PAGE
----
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Happy Birthday, Toni Morrison

Photo by west_point

INTERVIEWER

You mentioned getting permission to write. Who gave it to you?

MORRISON

No one. What I needed permission to do was to succeed at it. I never signed a contract until the book was finished because I didn’t want it to be homework. A contract meant somebody was waiting for it, that I had to do it, and they could ask me about it. They could get up in my face and I don’t like that. By not signing a contract, I do it, and if I want you to see it, I’ll let you see it. It has to do with self-esteem. I am sure for years you have heard writers constructing illusions of freedom, anything in order to have the illusion that it is all mine and only I can do it.

-Toni Morrison, in a 1993 conversation with Elissa Schappell at The Paris Review. Morrison turns 86 on February 18.

Here’s Morrison with Charlie Rose in 2015:

Read the interview

John Oliver on the Media’s Struggle to Confront Disinformation

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Did you share the general shudder when Kellyanne Conway introduced the idea of “alternative facts”?

It’s just a framing device, an ear-catching phrase, but it’s nothing new. The content of what she’s wrapping a bow on is something that everyone has been bearing witness to. We’ve had 18 months of feelings over facts. The only thing that’s remotely new about it is the location that it’s coming from.

Is interviewing her essentially pointless?

In general, it’s very dangerous to keep the old campaign architecture around with this presidency, to have an eight-person panel on CNN debating whether or not he said something. “Did he or did he not do this thing we watched him do?” There’s actually serious harm in that discussion. And, yeah. I really don’t see the point of talking to Kellyanne Conway because her language jujitsu is so strong. You know she can look you in the eyes and tell you the opposite of what you just saw happen, and she will be more confident in her answer than you are in your question.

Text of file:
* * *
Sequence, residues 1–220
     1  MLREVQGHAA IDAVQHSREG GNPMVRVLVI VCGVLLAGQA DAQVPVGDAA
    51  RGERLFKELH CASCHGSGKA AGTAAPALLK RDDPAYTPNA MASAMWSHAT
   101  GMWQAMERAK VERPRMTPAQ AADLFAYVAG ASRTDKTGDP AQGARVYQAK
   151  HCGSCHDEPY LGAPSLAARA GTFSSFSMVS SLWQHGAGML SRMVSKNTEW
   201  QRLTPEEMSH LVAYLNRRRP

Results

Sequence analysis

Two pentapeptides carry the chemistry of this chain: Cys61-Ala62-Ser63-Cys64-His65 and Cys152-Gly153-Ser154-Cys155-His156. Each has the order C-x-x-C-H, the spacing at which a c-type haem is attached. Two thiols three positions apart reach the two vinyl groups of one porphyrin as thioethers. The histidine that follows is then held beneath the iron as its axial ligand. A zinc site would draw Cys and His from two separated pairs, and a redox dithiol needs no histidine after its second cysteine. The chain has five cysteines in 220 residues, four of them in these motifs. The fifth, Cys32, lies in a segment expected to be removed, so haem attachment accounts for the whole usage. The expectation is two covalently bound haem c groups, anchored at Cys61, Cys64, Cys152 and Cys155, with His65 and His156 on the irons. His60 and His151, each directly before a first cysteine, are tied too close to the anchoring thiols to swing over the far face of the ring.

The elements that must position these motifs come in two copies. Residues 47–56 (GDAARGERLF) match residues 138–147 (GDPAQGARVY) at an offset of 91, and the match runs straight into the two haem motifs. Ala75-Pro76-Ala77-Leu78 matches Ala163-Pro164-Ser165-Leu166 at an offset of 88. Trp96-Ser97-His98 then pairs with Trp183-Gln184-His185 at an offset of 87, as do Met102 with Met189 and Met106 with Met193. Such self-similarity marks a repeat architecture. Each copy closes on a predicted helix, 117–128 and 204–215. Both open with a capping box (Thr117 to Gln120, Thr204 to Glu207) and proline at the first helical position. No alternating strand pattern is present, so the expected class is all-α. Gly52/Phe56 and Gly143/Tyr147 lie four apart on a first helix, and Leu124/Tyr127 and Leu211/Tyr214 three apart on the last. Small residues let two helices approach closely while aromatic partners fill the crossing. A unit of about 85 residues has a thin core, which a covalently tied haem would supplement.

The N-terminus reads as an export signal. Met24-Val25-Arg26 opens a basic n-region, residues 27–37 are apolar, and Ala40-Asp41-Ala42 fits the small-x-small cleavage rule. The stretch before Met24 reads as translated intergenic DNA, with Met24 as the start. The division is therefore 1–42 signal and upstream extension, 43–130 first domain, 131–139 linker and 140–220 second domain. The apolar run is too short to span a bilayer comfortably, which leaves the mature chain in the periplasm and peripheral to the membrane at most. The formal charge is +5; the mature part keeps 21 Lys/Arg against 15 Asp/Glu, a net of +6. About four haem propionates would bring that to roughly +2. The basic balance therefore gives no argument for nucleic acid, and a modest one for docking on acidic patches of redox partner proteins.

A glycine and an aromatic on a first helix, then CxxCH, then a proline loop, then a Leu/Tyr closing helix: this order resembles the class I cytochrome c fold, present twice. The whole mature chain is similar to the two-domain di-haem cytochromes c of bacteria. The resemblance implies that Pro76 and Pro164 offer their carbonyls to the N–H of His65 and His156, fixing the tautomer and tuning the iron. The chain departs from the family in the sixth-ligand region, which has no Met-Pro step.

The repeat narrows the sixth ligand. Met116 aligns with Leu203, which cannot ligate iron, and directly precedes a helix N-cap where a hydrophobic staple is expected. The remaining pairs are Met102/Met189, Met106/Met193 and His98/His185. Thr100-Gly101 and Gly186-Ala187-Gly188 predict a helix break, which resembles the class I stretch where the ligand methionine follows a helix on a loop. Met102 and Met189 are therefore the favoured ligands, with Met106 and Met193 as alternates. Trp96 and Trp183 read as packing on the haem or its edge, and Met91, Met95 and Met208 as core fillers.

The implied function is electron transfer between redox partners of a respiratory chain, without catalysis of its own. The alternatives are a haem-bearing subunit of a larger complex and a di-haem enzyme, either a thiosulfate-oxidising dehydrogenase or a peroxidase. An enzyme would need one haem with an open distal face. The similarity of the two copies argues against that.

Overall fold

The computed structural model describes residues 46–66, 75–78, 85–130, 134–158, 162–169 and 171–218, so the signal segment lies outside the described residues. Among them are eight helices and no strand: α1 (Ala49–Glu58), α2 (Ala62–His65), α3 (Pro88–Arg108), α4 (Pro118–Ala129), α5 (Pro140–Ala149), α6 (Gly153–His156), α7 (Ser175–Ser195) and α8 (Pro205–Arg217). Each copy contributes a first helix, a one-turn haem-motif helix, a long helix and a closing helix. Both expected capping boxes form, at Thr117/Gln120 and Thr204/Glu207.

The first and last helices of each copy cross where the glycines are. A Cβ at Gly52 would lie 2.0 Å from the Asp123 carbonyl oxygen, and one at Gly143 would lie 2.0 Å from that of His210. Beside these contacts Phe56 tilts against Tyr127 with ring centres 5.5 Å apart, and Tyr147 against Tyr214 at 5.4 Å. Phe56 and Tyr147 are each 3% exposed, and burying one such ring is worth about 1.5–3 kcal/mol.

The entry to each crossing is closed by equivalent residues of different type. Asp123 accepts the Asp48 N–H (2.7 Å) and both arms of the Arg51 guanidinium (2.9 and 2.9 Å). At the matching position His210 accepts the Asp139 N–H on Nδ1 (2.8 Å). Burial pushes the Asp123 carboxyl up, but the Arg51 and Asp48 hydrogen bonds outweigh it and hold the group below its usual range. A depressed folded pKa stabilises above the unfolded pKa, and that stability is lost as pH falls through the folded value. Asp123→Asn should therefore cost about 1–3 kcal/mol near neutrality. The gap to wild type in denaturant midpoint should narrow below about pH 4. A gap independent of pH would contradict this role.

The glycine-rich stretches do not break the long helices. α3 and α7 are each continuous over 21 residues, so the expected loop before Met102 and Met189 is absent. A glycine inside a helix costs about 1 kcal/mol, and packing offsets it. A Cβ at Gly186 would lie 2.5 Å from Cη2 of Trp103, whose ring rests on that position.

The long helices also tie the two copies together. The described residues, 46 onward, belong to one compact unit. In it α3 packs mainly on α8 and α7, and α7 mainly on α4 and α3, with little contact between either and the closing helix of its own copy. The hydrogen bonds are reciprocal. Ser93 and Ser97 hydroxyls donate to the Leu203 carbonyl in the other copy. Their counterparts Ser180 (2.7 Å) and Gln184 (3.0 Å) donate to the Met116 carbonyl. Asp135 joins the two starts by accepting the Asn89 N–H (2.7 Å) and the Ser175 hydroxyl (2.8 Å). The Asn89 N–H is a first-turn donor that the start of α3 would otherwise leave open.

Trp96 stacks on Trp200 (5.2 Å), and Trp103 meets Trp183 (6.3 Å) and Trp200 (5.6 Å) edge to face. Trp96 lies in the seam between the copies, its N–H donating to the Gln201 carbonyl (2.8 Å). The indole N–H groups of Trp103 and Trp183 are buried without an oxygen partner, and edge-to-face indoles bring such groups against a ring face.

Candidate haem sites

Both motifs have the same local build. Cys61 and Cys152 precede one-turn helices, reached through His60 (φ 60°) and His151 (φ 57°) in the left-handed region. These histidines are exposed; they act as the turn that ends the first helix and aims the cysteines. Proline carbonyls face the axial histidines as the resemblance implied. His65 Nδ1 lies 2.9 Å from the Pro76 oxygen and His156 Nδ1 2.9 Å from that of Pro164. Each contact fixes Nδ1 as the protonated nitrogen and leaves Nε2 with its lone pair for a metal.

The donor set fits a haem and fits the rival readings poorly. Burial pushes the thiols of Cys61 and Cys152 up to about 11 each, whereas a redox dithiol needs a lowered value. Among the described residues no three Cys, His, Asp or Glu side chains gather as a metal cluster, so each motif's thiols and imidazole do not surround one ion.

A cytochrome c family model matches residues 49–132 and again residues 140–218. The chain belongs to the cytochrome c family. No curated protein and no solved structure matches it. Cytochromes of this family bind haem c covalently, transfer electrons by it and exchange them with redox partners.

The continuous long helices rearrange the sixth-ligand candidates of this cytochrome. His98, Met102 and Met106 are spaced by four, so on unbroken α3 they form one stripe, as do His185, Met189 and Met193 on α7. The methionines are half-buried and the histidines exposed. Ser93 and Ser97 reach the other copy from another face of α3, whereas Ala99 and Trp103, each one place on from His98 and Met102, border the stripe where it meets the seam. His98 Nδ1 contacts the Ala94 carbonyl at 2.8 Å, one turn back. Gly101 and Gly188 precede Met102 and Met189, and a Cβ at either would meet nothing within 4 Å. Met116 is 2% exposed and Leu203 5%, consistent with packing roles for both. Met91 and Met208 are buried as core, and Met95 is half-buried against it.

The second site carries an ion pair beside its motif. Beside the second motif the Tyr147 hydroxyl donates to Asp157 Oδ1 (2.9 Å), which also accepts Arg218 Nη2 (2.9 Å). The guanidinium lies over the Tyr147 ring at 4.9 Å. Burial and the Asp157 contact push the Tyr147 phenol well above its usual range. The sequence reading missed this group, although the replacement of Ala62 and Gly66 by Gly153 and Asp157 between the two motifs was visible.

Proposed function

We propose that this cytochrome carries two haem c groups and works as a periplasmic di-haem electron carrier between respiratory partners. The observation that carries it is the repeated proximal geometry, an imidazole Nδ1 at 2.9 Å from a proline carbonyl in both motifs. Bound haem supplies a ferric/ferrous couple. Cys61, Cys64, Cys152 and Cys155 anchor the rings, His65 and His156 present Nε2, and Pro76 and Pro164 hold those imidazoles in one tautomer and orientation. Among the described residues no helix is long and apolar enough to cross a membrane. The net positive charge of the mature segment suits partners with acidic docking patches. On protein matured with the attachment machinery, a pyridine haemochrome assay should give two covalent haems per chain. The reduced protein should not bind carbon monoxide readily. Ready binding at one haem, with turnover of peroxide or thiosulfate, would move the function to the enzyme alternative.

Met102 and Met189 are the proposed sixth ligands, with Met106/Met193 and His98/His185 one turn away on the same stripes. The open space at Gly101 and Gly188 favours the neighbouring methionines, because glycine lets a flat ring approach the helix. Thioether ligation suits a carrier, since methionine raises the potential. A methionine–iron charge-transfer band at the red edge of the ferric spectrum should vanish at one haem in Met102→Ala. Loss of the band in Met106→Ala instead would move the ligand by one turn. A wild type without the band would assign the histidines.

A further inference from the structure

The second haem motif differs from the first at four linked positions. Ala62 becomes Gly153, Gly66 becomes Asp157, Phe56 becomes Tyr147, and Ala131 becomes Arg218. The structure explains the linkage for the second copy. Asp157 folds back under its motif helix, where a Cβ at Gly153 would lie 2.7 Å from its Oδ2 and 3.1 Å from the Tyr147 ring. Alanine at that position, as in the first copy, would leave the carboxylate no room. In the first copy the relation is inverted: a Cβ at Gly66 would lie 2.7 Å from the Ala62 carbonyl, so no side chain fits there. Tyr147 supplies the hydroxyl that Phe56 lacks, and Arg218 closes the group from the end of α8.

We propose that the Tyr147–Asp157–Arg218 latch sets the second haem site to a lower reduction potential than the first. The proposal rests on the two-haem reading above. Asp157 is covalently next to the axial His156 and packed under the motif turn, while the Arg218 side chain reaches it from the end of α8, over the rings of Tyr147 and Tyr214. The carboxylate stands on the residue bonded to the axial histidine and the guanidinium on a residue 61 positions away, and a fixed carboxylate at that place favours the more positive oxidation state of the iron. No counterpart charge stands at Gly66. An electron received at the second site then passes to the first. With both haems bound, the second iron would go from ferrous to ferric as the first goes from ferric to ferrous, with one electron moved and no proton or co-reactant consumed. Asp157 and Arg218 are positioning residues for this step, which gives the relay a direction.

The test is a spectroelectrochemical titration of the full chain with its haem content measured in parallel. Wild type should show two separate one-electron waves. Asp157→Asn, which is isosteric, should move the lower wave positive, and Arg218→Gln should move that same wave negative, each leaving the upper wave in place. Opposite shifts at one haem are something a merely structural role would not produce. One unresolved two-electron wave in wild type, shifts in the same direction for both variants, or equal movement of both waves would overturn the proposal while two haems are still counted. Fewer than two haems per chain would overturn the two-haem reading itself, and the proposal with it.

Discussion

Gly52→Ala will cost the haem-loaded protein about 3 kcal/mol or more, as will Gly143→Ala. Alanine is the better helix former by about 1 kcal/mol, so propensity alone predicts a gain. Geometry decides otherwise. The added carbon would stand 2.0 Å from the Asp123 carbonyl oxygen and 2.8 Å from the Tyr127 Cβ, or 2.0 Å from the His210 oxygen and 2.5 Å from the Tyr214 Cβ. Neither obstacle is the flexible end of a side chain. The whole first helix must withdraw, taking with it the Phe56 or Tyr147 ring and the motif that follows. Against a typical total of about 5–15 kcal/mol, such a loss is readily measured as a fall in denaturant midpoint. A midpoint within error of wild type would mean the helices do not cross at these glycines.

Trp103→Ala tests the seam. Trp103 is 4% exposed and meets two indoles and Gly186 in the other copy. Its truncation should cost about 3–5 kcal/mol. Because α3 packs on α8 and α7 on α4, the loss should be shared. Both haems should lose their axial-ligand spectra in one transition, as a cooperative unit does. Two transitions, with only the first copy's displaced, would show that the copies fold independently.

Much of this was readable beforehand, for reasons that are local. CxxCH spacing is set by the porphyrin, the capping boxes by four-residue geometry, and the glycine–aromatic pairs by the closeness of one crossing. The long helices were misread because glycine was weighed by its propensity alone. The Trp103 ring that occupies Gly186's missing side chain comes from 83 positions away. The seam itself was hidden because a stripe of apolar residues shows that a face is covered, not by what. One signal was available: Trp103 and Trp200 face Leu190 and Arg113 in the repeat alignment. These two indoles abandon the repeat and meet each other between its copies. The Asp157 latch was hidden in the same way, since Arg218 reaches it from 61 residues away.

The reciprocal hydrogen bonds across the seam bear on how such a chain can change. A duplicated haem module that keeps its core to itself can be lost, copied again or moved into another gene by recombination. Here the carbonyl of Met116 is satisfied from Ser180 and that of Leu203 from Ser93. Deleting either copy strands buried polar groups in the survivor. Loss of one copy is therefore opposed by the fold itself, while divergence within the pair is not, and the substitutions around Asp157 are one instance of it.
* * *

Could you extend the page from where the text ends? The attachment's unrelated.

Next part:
-John Oliver, in a wide-ranging Rolling Stone interview with Brian Hiatt, on how his weekly HBO show Last Week Tonight will need to adapt to the chaos of the Trump Administration. His season four premiere attempted to tackle the question of Trump and reality:  Read more…

The Early Principles That Guided the Makers of LEGO

Legos in space

In his 2013 book, Brick by Brick: How LEGO Rewrote the Rules of Innovation and Conquered the Global Toy Industry, David Robertson outlines the early successes and failures of the Denmark-based LEGO Group — from their early experiments with plastic, to their decision in the late 1990s to finally strike licensing deals with movies and characters, starting with Star Wars.

Robertson describes a pivotal moment in the company’s history, when Godtfred Kirk Christiansen, the son of founder Ole Kirk Christiansen, met up with a toy buyer: Read more…

‘Elephant and Piggie’ Author Mo Willems on the Importance of Teaching Kids to Fail

We are in a #longread!

Over the past eight years, when I wasn’t reading Pamela Colloff or Ariel Levy, I was probably reading Mo Willems. The children’s book author made the world giggle with Don’t Let the Pigeon Drive the Bus and the Elephant and Piggie series, and reduced every parent to tears with Knuffle Bunny Free, the final installment in the Knuffle Bunny series that is making me cry again just thinking about it. Darn you, Mo!